THE SCARLETS will welcome RC Toulon to Parc y Scarlets on Saturday afternoon in the final pool game of the 2017-18 European Rugby Champions Cup campaign.
A victory for the Scarlets would see the region make it through to the knockout stages of the coveted competition for the first time in over a decade and head coach Wayne Pivac has rewarded the side that secured such an emphatic victory over Bath last weekend by naming an unchanged XV.
With over 13,500 tickets sold already Saturday’s game will be the region’s biggest in European history at Parc y Scarlets, the record currently stands at 12,392 against Leicester Tigers back in January 2011.
In the only change to the replacements bench the region’s supporters will be delighted to see British & Irish Lion Leigh Halfpenny return to fitness.
Looking ahead to the game head coach Wayne Pivac said; “We know what to expect from Toulon, we’ve come up against each other on numerous occasions in the last few years. We need to make sure that we’re defensively on our game.
“There was only one point separating the teams in the first round of the competition this year and we gifted them some points early on from our errors. To fight back and get ourselves into a position to possibly win the game out there was very pleasing.
“I think it’s going to be another one of those games. It’s the same for both teams. Whoever gets the win is through. It’s a chance for both of us. We’re not through yet but you don’t want to be the team looking at the mathematical equation. It’s all set up for a great evening.”
Scarlets side to take on RC Toulon at Parc y Scarlets, Saturday 20th January, kick-off 5.30pm;
15 Rhys Patchell, 14 Tom Prydie, 13 Hadleigh Parkes, 12 Scott Williams, 11 Paul Asquith, 10 Dan Jones, 9 Gareth Davies, 1 Rob Evans, 2 Ken Owens ©, 3 Samson Lee, 4 Tadhg Beirne, 5 David Bulbring, 6 Aaron Shingler, 7 James Davies, 8 John Barclay
Replacements; Ryan Elias, Wyn Jones, Werner Kruger, Lewis Rawlins, Will Boyde, Aled Davies, Steff Hughes, Leigh Halfpenny
Former Wales international Anthony Walker appointed Wales U19 head coach
FORMER Wakefield Trinity, St Helens and Wales International Anthony Walker has been appointed as the new head coach of the Wales under 19 rugby league side.
He will lead the under 19s in the forthcoming European Championships and will remain as head coach of the side until at least December 2020.
The 26-year old retired from playing in October last year on medical grounds but is no stranger to coaching having juggled the latter days of his playing career with coaching Blackbrook in the north of England based National Conference League, guiding them to promotion in 2016 and picking up a local coach of the year award in the process.
Since his retirement from playing he has progressed to coaching in the professional game, working as a first team assistant coach at another of his former clubs, Rochdale Hornets, in the RFL Championship.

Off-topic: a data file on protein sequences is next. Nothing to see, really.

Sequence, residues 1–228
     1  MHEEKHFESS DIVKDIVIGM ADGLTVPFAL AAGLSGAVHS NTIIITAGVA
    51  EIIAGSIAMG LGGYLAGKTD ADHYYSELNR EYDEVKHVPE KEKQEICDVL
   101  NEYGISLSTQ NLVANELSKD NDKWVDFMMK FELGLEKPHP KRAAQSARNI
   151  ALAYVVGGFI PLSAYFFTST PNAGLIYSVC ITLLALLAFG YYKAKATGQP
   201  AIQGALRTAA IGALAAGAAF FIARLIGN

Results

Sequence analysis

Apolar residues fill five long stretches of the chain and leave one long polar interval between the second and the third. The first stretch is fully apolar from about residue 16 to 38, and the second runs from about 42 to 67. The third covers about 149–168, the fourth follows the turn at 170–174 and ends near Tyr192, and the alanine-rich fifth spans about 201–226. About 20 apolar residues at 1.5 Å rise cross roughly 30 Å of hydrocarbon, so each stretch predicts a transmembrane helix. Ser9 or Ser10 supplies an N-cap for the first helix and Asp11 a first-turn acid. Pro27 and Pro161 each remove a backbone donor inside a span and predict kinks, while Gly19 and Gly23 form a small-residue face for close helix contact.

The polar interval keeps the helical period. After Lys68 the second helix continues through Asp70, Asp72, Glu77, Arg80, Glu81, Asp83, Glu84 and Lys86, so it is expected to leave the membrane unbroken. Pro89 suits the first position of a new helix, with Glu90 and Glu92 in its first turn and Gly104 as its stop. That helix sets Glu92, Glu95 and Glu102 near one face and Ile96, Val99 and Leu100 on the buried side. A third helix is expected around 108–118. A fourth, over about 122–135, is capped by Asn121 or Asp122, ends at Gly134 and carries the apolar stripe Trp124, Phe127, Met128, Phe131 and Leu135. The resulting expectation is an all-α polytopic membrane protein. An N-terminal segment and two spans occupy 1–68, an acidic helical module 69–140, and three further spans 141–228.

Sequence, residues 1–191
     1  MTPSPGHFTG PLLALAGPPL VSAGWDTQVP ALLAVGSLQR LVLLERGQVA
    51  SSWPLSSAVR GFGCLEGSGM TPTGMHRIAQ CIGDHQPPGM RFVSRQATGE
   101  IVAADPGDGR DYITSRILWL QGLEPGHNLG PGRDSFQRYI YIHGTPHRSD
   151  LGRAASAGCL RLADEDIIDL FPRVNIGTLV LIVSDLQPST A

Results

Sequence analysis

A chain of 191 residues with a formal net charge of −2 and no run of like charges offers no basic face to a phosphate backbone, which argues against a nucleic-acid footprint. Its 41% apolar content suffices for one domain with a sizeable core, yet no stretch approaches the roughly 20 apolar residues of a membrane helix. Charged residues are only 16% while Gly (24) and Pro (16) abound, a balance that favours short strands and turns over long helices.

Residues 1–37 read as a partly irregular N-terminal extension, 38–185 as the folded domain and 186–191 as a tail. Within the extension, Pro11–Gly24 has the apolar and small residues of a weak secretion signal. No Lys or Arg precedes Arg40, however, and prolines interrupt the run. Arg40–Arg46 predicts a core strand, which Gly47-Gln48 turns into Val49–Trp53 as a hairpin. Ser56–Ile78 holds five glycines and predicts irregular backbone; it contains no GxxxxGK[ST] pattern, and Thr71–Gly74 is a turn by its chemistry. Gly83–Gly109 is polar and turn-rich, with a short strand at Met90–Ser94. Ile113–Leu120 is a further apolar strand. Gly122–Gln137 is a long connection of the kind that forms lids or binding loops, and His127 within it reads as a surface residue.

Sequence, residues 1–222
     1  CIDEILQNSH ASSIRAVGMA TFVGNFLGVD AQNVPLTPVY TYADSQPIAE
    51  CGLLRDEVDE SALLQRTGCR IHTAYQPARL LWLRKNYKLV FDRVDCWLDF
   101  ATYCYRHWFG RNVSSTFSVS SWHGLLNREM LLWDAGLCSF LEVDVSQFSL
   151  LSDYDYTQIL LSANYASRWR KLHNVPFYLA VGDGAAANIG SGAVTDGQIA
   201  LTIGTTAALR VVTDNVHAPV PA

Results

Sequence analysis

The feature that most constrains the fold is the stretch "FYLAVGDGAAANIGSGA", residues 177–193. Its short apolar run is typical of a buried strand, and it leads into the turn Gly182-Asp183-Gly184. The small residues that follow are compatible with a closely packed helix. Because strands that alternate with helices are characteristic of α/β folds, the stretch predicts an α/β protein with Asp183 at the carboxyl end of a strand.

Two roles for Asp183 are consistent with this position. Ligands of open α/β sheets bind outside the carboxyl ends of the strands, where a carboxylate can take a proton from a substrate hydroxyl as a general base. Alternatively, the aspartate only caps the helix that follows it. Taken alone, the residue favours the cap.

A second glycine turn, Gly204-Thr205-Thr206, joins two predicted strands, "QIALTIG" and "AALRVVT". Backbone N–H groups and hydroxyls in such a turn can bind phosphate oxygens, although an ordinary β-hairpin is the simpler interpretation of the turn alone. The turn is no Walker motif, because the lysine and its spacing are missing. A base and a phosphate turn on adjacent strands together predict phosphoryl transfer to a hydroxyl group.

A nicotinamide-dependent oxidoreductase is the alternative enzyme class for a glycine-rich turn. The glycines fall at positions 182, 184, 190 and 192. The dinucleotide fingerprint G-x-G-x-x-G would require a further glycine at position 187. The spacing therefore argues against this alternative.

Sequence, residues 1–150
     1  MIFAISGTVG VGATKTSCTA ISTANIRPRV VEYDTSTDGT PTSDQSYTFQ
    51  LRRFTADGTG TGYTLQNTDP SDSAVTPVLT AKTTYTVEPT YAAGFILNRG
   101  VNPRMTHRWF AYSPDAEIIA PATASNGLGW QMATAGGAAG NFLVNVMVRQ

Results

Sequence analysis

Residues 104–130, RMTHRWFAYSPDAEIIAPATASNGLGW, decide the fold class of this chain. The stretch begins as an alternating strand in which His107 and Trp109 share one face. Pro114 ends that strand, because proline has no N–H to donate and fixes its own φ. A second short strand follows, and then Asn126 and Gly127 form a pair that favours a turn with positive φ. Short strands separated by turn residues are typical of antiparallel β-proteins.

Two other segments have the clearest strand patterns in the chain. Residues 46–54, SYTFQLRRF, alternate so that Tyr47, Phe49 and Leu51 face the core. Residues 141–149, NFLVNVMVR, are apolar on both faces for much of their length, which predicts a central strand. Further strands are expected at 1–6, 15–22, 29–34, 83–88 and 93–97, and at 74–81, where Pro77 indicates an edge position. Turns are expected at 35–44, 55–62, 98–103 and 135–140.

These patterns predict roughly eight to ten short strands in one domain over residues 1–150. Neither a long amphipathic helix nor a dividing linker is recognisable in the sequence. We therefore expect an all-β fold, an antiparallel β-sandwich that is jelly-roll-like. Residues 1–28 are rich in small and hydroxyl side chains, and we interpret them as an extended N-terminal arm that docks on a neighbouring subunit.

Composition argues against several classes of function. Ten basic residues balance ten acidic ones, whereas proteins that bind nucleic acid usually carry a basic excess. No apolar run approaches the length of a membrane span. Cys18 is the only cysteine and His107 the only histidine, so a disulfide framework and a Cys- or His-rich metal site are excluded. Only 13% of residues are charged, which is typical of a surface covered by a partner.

Walker, who also played for Whitehaven and Dewsbury Rams in his professional rugby league career, is Wales RL heritage #489 after winning eight caps and scoring three tries. He was in the side when Wales won the European Championship in 2015 after beating France, Scotland (
He is delighted to be bringing through the next crop of potential Wales World Cup players.
He said: “I’m made up to have been appointed. When I saw the post, I contacted Wales CEO Chris Thair immediately. I’ve been coaching a lot since retiring and I want to give something back to WRL after they were so good to me whilst going through the retirement.
“We’ll be going into this summer’s Under 19 European Championship with the aim of winning the trophy.”
Wales won this trophy when it was last contested as under 18 competition in 2008, beating Czech Republic, England and France
Walker continues: “My aim is to make Wales under 19s as successful as possible and help create some future full Wales international players. However I want to make coming into camp as much of an honour as it was for me and for the lads to have some fun along the way.
“I won the senior European Championship as a player and I want to make memories for life for these group of lads, just like playing for Wales has done for me.”
Walker will be assisted by Wayne Ponting, who last year served as assistant coach to the Wales under 16s, under 18s and Student sides. He was previously involved with the Welsh regional academies, the South Wales Scorpions and Celtic Crusaders academy and scholarship sides after cutting his coaching teeth with Blackwood Bulldogs juniors.
The final appointment sees Steve Jenkins from Llanelli appointed as team manager.
Jenkins is a newcomer to Rugby League but boasts an impressive CV having been involved in a variety of managerial roles in rugby union with Llanelli RFC, Carmarthen Quins, the Scarlets and the Welsh Rugby Union.
Jenkins said: “From working in Rugby Union I have gained experience both with Scarlets and the WRU which I feel will assist me in the team manager role.